Abundant Harvests<p>Historically, Native people throughout the Americas bred indigenous plant varieties specific to the growing conditions of their homelands. They selected seeds for many different traits, such as <a href="https://emergencemagazine.org/story/corn-tastes-better/" target="_blank" rel="noopener noreferrer">flavor, texture and color</a>.</p><p>Native growers knew that planting corn, beans, squash and sunflowers together produced mutual benefits. Corn stalks created a trellis for beans to climb, and beans' twining vines secured the corn in high winds. They also certainly observed that corn and bean plants growing together tended to be healthier than when raised separately. Today we know the reason: Bacteria living on bean plant roots pull nitrogen – an essential plant nutrient – from the air and <a href="http://www.tilthalliance.org/learn/resources-1/almanac/october/octobermngg" target="_blank" rel="noopener noreferrer">convert it to a form that both beans and corn can use</a>.</p><p>Squash plants contributed by shading the ground with their broad leaves, preventing weeds from growing and retaining water in the soil. Heritage squash varieties also had spines that discouraged deer and raccoons from visiting the garden for a snack. And sunflowers planted around the edges of the garden created a natural fence, protecting other plants from wind and animals and attracting pollinators.</p><p>Interplanting these agricultural sisters produced bountiful harvests that sustained large Native communities and <a href="http://dx.doi.org/10.1353/eam.2015.0016" target="_blank">spurred fruitful trade economies</a>. The first Europeans who reached the Americas were shocked at the abundant food crops they found. My research is exploring how, 200 years ago, Native American agriculturalists around the Great Lakes and along the Missouri and Red rivers fed fur traders with their diverse vegetable products.</p>
Displaced From the Land<p>As Euro-Americans settled permanently on the most fertile North American lands and acquired seeds that Native growers had carefully bred, they imposed policies that <a href="https://doi.org/10.1086/ahr/87.2.550" target="_blank">made Native farming practices impossible</a>. In 1830 President Andrew Jackson signed the <a href="https://guides.loc.gov/indian-removal-act" target="_blank">Indian Removal Act</a>, which made it official U.S. policy to force Native peoples from their home locations, pushing them onto subpar lands.</p><p>On reservations, U.S. government officials discouraged Native women from cultivating anything larger than small garden plots and pressured Native men to practice Euro-American style monoculture. Allotment policies assigned small plots to nuclear families, further limiting Native Americans' access to land and preventing them from using communal farming practices.</p><p>Native children were forced to attend boarding schools, where they had no opportunity to <a href="https://doi.org/10.5749/jamerindieduc.57.1.0145" target="_blank">learn Native agriculture techniques or preservation and preparation of Indigenous foods</a>. Instead they were forced to eat Western foods, turning their palates away from their traditional preferences. Taken together, these policies <a href="https://kansaspress.ku.edu/978-0-7006-0802-7.html" target="_blank" rel="noopener noreferrer">almost entirely eradicated three sisters agriculture</a> from Native communities in the Midwest by the 1930s.</p>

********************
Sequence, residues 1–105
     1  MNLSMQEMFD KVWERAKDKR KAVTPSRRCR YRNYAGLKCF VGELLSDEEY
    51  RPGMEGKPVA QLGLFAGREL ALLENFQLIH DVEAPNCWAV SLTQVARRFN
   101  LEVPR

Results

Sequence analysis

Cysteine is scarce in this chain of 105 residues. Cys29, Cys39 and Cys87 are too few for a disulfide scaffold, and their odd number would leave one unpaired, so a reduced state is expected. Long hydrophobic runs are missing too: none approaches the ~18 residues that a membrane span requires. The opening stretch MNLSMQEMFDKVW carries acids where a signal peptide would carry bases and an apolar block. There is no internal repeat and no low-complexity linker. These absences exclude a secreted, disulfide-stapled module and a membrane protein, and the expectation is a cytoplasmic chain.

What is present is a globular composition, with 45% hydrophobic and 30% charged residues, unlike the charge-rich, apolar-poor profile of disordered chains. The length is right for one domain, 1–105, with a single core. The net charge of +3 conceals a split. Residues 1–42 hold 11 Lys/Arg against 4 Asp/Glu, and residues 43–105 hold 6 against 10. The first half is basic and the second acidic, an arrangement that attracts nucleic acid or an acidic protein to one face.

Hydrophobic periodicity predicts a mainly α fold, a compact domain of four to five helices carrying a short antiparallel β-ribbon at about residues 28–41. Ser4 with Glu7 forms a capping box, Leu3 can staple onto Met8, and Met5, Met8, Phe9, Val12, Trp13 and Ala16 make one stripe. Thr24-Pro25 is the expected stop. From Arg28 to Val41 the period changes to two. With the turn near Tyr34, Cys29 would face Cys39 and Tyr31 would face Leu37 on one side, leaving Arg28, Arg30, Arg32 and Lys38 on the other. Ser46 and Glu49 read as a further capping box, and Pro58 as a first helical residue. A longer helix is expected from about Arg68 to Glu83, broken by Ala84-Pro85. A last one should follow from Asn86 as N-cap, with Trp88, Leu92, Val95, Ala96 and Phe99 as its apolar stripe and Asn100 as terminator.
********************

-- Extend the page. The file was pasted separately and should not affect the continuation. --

Reviving Native Agriculture<p>Today Native people all over the U.S. are working diligently to <a href="https://www.oupress.com/books/15107980/indigenous-food-sovereignty-in-the-united-sta" target="_blank" rel="noopener noreferrer">reclaim Indigenous varieties of corn, beans, squash, sunflowers and other crops</a>. This effort is important for many reasons.</p><p>Improving Native people's access to healthy, culturally appropriate foods will help lower rates of <a href="https://www.cdc.gov/vitalsigns/aian-diabetes/index.html" target="_blank">diabetes</a> and <a href="https://www.apa.org/pi/oema/resources/ethnicity-health/native-american/obesity" target="_blank">obesity</a>, which affect Native Americans at disproportionately high rates. Sharing traditional knowledge about agriculture is a way for elders to pass cultural information along to younger generations. Indigenous growing techniques also protect the lands that Native nations now inhabit, and can potentially benefit the wider ecosystems around them.</p>
By Jake Johnson
Amid reports that oil industry-friendly former Energy Secretary Ernest Moniz remains under consideration to return to his old post in the incoming Biden administration, a diverse coalition of environmental groups is mobilizing for an "all-out push" to keep Moniz away from the White House and demand a cabinet willing to boldly confront the corporations responsible for the climate emergency.